Defending Steve Williams

By Brian HewittDecember 19, 2008, 5:00 pm
First of all, The Comebacker wishes everybody a terrific Holiday Season and a Happy New Year. You all come back now in 2009. Hear?
Without further ado, more e-mails about Michelle Wie and some dish on Steve Williams, Tigers embattled caddie:
Jane writes: Steve Williams comments were totally inappropriate and he should be reprimanded. As Tiger's caddie, he is well known and has a responsibility to behave in a manner that is appropriate, recognizing that his actions and words may have a direct or indirect impact on his employer. When said employer has a high public profile it is even more important to conduct oneself appropriately. This applies to anyone in any profession where the association, be it with an individual or a corporation, is public knowledge.
The Comebacker
Jane, even though you write like a lawyer, I agree with what youre saying.

Joe writes: I never write into blogs like this but here goes: I think Michelle Wie is a terrific golfer with a combination of great genetics and the support needed to succeed as a great athlete. However, the problem I see with her game is that she has not developed a killer or winning instinct. I have played basketball and football in college and one thing I know about winning is that it has little to do with just talent. Winners believe winning is their right and they do not hope or wish for it. This is also the reason why no one currently on the PGA (Tour), except for perhaps Vijay Singh and Padraig Harrington, will challenge Tiger for his top spot.
The Comebacker
Methinks Joe has forgotten the name of one Anthony Kim. And, yes, even if Michelle Wie had won at Q-School, despite a small first prize, I think it would have done wonders for her psychologically.

Brian writes: Tiger works hard to have an impeccable image on and off the course. He accepts the role of role model with precision. We are talking about a man who makes New Year's resolutions to be a better person. With this in mind, if these comments by Stevie (Williams) are true, seems to reason that some discipline is in order. Tiger's response and how he deals with it will be interesting. This is a modern day Byron Nelson and Ben Hogan relationship and one that should be handled with much more class and respect ' for the good of the game. Comments like these lower our gentleman's game to that of street hoops or a hockey match.
The Comebacker
Judging from Tigers response to Williams indiscreet use of the language toward Phil Mickelson, Williams better have learned some kind of lesson from this or he will be looking for work on another bag. Speaking of which, in the unlikely event that Woods does sack Williams ' you heard it here first ' I couldnt think of a better replacement than Terry McNamara, the man on Annika Sorenstams bag through her glory years. McNamara is a class act and would never campaign for a job that isnt open yet. But Annika and Tiger share the same agent, Mark Steinberg. Steinberg and everybody else in the golf division he runs at IMG know who McNamara is. McNamara is personable and tough when he needs to be. He is stable. He is hard-working and he is everything Tiger or anybody else could want in a caddie.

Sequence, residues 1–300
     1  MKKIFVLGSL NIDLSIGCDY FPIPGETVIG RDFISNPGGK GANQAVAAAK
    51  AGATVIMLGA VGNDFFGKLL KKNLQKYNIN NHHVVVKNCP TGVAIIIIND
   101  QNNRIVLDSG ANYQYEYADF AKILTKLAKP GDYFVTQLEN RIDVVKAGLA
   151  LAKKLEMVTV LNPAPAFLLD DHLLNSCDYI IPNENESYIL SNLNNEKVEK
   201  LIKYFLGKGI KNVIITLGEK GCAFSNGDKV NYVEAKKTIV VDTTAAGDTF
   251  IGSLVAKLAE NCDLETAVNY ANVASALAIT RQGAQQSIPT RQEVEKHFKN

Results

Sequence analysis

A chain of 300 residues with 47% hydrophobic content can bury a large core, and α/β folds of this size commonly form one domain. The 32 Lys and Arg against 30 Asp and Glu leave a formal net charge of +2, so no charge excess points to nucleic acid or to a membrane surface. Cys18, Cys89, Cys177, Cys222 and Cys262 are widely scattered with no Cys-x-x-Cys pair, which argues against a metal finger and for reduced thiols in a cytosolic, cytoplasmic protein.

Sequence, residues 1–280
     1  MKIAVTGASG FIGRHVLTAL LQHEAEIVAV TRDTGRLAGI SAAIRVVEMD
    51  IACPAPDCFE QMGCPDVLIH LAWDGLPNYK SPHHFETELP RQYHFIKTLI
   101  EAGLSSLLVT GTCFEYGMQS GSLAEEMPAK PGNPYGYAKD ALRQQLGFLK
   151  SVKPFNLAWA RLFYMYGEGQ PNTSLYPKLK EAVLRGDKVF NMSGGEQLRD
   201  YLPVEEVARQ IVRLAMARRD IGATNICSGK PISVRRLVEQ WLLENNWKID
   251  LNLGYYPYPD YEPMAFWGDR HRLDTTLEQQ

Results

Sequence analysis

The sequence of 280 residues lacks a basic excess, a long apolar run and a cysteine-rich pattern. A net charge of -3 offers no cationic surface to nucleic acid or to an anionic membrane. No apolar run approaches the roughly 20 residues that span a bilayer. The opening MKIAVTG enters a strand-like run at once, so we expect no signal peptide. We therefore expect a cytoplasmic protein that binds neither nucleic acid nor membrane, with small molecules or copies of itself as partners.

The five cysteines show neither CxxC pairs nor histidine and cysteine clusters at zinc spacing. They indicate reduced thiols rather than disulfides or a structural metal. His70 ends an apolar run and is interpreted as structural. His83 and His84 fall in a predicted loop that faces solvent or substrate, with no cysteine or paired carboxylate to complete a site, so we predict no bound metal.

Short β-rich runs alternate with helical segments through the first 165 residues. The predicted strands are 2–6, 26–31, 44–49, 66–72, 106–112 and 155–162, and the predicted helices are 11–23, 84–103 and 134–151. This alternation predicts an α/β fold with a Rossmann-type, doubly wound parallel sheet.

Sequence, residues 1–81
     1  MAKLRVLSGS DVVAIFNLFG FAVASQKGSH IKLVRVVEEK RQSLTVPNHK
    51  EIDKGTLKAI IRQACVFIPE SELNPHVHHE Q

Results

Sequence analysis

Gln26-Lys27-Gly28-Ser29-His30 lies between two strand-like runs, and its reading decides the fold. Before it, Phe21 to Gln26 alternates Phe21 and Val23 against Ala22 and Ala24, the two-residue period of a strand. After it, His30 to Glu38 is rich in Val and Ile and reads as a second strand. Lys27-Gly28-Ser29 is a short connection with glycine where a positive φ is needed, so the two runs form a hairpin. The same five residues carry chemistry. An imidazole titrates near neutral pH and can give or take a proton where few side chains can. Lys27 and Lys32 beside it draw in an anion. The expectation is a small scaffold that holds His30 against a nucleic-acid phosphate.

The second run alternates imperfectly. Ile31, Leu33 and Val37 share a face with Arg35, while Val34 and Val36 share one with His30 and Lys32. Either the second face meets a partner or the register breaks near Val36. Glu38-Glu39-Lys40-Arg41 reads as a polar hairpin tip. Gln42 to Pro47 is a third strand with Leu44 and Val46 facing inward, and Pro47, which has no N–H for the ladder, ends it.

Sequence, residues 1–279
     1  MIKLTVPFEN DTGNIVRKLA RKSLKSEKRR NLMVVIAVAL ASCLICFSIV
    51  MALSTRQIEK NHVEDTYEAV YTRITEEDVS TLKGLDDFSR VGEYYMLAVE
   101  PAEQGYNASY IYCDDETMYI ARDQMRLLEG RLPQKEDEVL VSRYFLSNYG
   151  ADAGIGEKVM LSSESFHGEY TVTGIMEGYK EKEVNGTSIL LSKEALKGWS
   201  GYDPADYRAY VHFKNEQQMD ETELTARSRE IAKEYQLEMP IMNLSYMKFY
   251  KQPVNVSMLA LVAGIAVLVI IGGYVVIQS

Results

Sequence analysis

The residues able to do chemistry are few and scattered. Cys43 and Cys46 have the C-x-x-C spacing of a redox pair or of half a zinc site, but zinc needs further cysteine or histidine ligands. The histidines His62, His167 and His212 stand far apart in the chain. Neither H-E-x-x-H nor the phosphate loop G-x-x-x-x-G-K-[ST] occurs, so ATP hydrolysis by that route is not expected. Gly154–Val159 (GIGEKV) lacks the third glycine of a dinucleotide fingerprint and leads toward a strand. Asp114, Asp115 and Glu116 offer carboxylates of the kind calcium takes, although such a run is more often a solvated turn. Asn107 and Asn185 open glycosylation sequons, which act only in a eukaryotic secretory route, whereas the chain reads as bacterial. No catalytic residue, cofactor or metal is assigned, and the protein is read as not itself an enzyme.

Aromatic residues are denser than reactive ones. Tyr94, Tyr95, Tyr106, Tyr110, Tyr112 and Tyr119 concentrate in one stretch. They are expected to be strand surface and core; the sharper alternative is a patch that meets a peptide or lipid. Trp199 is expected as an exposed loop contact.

Scott writes: There is a ton of talent on the LPGA, and LOTS of great stories. Shame on you for picking the lowest hanging fruit of all ' the Wie (I hate typing that word) story. Stacy Lewis won the event, yet all she gets is a mention in passing. Anna Rawson provided everyone with a nice surprise by qualifying. Meanwhile, you focused your story on someone, who once again proved unable to even close strong, let alone win. Let's highlight the winners, and not recycle the leftovers.
The Comebacker
Wow, Wie is still only 19 years old and already she has been consigned to the status of low hanging fruit and leftovers. Harsh.

Bill writes: The Golf Channel is a business. The reality is, I checked the LPGA Q-School at least twice a day, and I wouldn't have done that if it wasn't for Wie. Show me the money. When Wie and Tiger are in contention, the viewership goes up. Actually, I'm sick of hearing about both of them, but I understand why they are in the headlines. This isn't NPR; golf is a business.
The Comebacker
Bill speaks the truth.

Kendall writes: After reading all the negative comments about Michelle Wie, I felt compelled to chime in with one fact: The game of golf needs stars ... superstars if possible. Michelle Wie is likeable, cute, and a real talent. She's just more fun to watch than most other golfers. And now she's proving her self the old fashioned way in Q-School. So hopefully everyone can stop treating her like somehow she's bad for the game, because we all know better. She's news. I'm shocked to hear people in the golf community be so negative ' she's a nice young lady, and an exciting story to follow.